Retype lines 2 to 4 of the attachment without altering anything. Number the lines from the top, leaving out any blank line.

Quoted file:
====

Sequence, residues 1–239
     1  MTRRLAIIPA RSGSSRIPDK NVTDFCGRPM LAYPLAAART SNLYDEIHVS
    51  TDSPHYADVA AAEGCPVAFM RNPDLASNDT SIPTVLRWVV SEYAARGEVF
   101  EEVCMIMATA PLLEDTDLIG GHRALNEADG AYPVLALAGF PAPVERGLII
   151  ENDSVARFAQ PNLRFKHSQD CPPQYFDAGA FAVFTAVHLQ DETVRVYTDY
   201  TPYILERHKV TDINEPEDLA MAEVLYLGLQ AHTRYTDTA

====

     1  MTRRLAIIPA RSGSSRIPDK NVTDFCGRPM LAYPLAAART SNLYDEIHVS
    51  TDSPHYADVA AAEGCPVAFM RNPDLASNDT SIPTVLRWVV SEYAARGEVF
   101  EEVCMIMATA PLLEDTDLIG GHRALNEADG AYPVLALAGF PAPVERGLII